Samples from living things need to be prepared carefully before they can be viewed using transmission electron microscopy. Allan Mitchell (University of Otago) describes the key steps in this process, which are designed to protect the sample from the hostile environment within the microscope. Allan also points out that the sample must remain as close to the living state as possible throughout the preparation process.
The environment inside an electron microscope is incredibly hostile to the living cell, so it needs to go through quite an elaborate process to enable it to survive that hostile environment. Firstly, we have a very high vacuum, and if you stick biological samples into a vacuum, they’ll just escape very quickly and be destroyed. We have a very high-energy electron beam, which is required to be able to penetrate the sample.
When the electron beam strikes the sample, it gets very, very hot – it can get up to 150 degrees Celsius where the electron beam actually hits the sample – so it needs to be able to survive that very high temperature. And lastly, we need to be able to cut a very, very thin slice of the sample to allow the electron beam to pass through. And if we have a biological sample that’s still full of cell water, then we aren’t able to cut that very thin slice – it’s a wee bit like trying to cut a thin slice of a tomato, you just can’t do it.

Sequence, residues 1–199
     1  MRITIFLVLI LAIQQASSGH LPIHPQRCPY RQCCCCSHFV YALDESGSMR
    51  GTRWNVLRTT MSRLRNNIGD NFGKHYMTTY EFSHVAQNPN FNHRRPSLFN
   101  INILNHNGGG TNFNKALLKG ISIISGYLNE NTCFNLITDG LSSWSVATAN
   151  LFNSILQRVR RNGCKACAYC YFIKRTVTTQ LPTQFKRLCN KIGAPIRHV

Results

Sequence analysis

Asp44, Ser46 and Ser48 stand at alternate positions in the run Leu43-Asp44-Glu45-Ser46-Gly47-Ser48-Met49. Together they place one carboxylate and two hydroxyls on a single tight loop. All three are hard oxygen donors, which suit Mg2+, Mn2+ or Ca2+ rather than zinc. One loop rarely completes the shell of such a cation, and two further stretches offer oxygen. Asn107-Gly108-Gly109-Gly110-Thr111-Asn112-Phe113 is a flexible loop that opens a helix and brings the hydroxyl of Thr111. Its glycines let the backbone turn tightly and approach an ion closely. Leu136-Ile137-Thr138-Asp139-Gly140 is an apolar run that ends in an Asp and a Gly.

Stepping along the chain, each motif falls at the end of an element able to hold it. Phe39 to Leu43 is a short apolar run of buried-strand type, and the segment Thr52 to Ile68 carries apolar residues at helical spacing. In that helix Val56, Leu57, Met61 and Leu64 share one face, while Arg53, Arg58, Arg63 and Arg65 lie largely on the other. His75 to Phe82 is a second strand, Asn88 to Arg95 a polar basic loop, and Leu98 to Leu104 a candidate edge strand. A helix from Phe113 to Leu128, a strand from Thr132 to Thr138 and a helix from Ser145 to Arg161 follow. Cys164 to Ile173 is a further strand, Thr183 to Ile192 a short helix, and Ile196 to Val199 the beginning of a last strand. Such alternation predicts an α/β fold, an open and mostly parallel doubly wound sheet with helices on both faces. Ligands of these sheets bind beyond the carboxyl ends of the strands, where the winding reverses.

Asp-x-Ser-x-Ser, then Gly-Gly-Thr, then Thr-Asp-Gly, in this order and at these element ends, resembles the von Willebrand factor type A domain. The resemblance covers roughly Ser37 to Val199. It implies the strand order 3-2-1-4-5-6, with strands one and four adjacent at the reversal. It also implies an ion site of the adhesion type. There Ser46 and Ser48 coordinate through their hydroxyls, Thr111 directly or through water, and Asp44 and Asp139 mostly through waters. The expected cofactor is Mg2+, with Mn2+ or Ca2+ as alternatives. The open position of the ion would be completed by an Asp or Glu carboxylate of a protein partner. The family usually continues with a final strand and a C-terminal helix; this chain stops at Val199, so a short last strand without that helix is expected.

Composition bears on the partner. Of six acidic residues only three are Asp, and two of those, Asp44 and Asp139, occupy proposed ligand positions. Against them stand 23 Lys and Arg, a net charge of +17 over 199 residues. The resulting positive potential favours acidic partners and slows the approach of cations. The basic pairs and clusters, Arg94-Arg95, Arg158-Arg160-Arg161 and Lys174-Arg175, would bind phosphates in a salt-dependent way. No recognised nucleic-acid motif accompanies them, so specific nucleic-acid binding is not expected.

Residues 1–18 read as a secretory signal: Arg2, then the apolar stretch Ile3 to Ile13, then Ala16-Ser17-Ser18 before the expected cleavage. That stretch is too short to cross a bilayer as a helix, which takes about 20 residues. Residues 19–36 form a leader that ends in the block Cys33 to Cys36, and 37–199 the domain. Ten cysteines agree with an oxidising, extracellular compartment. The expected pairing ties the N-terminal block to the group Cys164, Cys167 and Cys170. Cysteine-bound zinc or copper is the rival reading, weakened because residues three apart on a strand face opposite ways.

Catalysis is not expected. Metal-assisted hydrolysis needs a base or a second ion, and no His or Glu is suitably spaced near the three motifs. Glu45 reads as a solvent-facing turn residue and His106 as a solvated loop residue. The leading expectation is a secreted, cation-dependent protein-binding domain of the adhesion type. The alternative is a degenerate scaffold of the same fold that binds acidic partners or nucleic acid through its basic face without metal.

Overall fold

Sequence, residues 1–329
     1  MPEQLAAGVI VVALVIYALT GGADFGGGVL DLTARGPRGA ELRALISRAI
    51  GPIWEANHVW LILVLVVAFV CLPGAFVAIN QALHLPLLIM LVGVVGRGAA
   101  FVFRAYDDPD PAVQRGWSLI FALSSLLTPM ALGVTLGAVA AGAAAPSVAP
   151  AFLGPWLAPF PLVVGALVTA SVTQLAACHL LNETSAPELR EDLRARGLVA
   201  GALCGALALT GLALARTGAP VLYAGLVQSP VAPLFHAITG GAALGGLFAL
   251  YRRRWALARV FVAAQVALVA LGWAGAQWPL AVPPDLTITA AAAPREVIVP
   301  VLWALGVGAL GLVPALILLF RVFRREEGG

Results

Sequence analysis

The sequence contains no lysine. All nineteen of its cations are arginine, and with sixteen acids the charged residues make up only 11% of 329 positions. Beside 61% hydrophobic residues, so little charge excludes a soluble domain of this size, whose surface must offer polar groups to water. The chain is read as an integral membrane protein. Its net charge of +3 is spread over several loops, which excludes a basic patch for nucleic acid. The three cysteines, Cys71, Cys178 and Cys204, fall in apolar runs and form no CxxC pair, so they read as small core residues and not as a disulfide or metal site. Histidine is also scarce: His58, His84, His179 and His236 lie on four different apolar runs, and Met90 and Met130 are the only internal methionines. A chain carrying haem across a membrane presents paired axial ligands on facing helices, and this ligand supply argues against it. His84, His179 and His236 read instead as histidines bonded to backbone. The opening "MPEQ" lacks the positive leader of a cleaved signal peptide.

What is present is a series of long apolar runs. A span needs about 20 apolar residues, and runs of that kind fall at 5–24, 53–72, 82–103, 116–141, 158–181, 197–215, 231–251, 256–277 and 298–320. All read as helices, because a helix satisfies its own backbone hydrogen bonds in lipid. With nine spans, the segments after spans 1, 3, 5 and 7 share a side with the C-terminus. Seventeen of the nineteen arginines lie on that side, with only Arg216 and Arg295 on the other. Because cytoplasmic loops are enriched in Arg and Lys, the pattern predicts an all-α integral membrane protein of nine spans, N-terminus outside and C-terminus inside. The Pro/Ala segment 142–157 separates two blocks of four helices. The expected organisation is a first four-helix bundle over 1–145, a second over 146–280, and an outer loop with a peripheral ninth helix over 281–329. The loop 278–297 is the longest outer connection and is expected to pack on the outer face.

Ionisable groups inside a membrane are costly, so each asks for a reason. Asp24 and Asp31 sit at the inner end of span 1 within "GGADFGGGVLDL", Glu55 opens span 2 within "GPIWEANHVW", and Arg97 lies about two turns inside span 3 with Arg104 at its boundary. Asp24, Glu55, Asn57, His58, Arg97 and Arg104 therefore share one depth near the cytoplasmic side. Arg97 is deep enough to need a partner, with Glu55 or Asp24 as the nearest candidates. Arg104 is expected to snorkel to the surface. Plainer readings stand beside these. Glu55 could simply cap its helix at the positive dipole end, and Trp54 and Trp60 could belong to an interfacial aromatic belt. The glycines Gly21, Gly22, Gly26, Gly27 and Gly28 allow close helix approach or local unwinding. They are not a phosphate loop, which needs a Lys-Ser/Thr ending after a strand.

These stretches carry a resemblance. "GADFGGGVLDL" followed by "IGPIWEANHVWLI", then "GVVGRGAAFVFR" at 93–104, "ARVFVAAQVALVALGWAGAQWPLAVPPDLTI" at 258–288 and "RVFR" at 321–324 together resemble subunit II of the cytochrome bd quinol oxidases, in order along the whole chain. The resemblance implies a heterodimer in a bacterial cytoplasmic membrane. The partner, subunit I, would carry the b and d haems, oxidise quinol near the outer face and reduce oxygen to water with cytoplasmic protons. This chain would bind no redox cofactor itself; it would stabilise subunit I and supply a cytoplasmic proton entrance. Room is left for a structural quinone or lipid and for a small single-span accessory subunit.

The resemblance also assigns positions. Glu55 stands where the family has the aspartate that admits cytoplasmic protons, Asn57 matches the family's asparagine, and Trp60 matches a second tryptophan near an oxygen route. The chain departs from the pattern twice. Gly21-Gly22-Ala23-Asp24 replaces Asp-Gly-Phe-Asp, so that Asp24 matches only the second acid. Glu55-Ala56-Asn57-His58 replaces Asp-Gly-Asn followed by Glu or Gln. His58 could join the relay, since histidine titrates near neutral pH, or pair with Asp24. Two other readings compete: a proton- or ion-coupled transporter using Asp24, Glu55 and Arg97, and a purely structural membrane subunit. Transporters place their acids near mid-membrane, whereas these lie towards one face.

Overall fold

So specimen preparation is really important to meet all those criteria. One of the very important things about specimen preparation of course is that, after all that preparation, the sample still must be as close to the living state as possible.